What are you doing this week? Feel free to share!
Keep in mind it’s OK to do nothing at all, too.
In between jobs! Last job was a mess, small company, sleepovers there, weekends, not getting paid for a while. After all this involment and sacrifice my was boss was… not really nice to me. Learned my lesson, will be more careful next time. Glad to be out of there.
I start my next job in two weeks and I’m mostly relaxing (been three years since my last proper vacation), doing a lot of japanese studying, plying dota 2 & witcher III and also reading Practical TLA+ by @hwayne because I believe it will be useful in my new job.
I recommend picking up some canning, drying, preserving, cooking and supply chain skills. That is for building up a pillow for bad times and learning to live good with the lowest expenses possible. (I found that food&eating was the thing in my life where I could save the most expenses and improve my food at the same time).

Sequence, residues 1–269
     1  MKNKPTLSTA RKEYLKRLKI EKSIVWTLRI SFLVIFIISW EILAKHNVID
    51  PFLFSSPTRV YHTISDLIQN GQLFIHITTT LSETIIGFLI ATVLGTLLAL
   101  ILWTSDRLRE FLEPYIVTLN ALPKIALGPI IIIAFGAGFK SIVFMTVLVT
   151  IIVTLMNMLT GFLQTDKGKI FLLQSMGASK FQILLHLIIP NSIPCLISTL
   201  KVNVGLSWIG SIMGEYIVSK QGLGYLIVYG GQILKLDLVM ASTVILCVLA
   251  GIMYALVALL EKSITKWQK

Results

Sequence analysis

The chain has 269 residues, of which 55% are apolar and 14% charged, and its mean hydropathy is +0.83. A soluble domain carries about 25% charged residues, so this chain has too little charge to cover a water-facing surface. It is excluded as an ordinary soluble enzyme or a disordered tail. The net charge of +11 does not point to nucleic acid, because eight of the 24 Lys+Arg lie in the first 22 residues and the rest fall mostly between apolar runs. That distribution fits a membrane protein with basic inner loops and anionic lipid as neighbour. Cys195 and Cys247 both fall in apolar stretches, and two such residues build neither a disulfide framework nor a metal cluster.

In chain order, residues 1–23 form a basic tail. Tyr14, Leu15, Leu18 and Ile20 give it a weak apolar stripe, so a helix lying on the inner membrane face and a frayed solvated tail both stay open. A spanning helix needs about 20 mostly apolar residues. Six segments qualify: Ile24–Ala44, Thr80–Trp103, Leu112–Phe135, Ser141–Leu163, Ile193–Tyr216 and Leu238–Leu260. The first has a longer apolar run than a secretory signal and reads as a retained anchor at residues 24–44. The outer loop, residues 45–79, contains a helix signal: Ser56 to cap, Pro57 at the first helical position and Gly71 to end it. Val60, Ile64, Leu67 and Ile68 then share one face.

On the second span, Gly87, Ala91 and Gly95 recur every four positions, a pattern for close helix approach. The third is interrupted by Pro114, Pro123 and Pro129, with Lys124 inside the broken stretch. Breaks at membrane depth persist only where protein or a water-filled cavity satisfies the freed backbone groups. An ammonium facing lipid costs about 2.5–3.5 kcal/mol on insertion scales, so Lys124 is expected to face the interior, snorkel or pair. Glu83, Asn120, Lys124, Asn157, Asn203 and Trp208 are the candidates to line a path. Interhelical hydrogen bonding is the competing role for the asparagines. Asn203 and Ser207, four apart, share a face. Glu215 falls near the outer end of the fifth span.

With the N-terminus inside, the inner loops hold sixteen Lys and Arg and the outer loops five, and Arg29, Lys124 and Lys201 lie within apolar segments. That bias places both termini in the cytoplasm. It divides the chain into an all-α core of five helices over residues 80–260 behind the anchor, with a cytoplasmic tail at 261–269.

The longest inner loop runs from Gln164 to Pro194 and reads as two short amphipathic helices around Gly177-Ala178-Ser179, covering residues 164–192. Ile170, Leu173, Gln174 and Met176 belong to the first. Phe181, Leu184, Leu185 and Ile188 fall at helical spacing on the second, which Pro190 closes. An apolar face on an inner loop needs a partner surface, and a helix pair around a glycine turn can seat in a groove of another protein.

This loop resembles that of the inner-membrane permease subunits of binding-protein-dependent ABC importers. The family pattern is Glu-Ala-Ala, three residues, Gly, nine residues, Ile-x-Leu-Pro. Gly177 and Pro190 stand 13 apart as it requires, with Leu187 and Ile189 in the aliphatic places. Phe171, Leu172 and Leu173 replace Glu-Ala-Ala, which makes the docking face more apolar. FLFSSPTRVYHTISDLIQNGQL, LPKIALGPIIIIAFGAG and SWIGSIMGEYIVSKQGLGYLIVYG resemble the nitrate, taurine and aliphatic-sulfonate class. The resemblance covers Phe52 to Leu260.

I once found myself in a trap of bad job, ugly commuting, eating on the run and I do not want to return there.
I’m flying to London to meet my investors at the Google Campus for dinner and a whole bunch of on-boarding talks. Then I’m flying to Brno to attend NixCon. Also will work on preparing for when our new hires start. Busy busy busy.
I didn’t know this existed, I see there are still tickets available..
I’ve been getting into the habit of cooking good fresh food every day, but sometimes I have leftover ingredients and I don’t have the experience to immediately know what else I can use them for. Some recipes have “exotic” ingredients (by which, I mean simply ingredients you don’t commonly have and use in many recipes). For example, traditional gumbo has a vegetable called Okra. Okra is great in gumbo, but the quantity that I get from store is sometimes more than I need for the number of servings I’m making. Problem: identified, Solution: underway
I’ve been using Go and Neo4j to build an application that takes a set of recipes as input, graphs the relationships between recipes and ingredients, and uses that information to tell you how picking one recipe to make will allow you to make other dishes with the fewest additional ingredients. Basically, it’s an inventory management system to help you maximize utility of your larder. I’ve already gotten the backend mostly done, so I’m just making a UI now. I don’t personally need a UI to get value out of this, as I can just use the Neo4j Browser, but I’d like a UI so that others can use this without having to learn Cypher.